I think that the autonomous or unschooling approach tended to work in the days before computer games were so readily available. If you have something completely enthralling- like Minecraft- waiting for you at the touch of a button, then the main motivations to autonomous education are gone. You never have time to wonder about things, you never have to find yourself entertainment because you are bored, you never serendipitously find out something that leads you on to want to find out other things......because your time is filled by something that is completely enthralling and takes up all your brain-space. I have no answers. But I think that if I was starting out on the home ed route, I would limit computer games. I don't think autonomous should mean do absolutely anything you want with no restrictions, should it? The normal rules about health and family interaction and so on still apply?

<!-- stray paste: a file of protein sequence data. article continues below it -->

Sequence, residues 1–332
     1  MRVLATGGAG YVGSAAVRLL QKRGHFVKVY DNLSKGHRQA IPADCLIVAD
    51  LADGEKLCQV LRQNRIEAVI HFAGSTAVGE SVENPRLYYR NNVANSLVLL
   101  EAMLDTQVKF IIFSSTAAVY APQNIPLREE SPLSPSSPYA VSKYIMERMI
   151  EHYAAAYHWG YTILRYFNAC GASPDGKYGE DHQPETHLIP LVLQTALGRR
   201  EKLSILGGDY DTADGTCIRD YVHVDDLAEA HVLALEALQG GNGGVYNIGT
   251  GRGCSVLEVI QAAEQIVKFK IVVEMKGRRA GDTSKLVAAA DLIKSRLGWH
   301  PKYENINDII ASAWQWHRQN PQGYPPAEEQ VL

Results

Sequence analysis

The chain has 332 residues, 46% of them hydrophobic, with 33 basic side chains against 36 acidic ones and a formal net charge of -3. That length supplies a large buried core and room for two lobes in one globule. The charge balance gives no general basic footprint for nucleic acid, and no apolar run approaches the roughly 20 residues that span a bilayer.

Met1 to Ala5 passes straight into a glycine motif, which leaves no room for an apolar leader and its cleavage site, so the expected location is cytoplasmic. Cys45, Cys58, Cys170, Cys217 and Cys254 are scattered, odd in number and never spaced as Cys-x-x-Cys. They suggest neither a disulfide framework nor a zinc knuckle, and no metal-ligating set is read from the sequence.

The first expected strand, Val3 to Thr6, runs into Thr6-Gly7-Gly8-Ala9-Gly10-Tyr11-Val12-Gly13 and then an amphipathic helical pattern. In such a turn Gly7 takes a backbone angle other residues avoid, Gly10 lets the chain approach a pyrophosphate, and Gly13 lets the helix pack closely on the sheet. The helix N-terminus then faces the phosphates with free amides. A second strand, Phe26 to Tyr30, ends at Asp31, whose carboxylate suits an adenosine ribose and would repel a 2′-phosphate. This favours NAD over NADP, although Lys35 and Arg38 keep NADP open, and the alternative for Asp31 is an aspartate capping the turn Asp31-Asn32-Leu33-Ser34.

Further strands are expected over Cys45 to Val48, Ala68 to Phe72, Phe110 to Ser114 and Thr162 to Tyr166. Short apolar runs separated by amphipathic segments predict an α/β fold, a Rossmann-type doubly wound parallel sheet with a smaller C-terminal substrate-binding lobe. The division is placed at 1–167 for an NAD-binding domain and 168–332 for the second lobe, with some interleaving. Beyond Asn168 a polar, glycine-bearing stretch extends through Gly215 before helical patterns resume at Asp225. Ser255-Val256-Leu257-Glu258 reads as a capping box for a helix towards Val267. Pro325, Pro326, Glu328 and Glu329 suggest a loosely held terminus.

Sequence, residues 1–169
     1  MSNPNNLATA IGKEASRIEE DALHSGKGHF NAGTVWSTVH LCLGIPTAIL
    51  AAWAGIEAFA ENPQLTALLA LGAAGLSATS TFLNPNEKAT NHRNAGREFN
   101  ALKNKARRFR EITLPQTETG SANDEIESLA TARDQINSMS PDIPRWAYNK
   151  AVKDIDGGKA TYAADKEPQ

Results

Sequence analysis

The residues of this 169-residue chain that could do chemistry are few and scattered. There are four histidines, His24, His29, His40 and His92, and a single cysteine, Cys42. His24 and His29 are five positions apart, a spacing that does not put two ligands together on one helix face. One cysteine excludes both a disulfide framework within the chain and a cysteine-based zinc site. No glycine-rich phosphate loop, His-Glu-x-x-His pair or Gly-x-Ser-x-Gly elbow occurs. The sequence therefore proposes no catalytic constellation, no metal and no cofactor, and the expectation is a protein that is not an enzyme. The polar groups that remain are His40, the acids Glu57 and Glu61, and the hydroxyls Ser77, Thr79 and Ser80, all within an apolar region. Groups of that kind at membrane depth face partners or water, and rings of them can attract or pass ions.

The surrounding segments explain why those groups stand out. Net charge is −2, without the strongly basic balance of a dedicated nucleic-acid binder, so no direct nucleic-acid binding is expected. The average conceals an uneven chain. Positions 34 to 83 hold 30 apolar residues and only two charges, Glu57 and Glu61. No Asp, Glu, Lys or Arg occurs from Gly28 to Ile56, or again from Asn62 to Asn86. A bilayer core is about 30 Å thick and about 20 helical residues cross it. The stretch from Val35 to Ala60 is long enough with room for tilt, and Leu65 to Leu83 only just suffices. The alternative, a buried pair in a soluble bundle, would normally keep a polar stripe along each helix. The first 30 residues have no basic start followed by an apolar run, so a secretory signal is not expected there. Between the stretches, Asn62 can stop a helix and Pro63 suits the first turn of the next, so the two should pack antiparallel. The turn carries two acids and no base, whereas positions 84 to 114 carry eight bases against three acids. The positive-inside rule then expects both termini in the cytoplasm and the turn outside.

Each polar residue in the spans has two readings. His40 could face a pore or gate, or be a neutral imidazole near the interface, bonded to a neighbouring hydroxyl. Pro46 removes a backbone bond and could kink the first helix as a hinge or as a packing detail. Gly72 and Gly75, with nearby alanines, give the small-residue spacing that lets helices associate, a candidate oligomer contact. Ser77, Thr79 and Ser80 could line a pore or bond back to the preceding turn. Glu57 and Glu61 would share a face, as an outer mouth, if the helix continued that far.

Saracen Sun 09-Feb-14 12:10:18

If you are used to seeing kids in a classroom 30 hours a week, with exams looming on a certain date and little flexibility in their educational choices, I can see how it would seem that the clock was ticking.

It really is different with home education. Kids learn an astonishing amount in a short time when they are motivated and have access to exactly what they need. And there are no deadlines. Learning will continue throughout their whole lives.

They have plenty of time. The question is, are they happy and if not, what can be done about it?

wellcoveredsparerib Sun 09-Feb-14 11:53:29

Time is running out for the children though- they are teenagers, not 5 or 6.

Saracen Sun 09-Feb-14 11:42:12

It may be true that the OP needs to change something, wellcovered - that is why she posted here, because she is thinking about that. But it is not nearly so clear-cut as you believe.

I have known other autonomously educated young people to go through a long phase of heavy computer use and come out the other side having learned quite a lot. Their parents also worried about this at the time, and adopted various strategies. Some allowed their kids to have continued unlimited computer use throughout this period and some didn't. I personally have no idea what best approach is, but I suspect that it varies according to the particular child and family: most things do!

The knee-jerk reaction of horror comes from those who have not witnessed this process at all. It might or might not be best for the OP to adjust her current approach, but it is not educational neglect!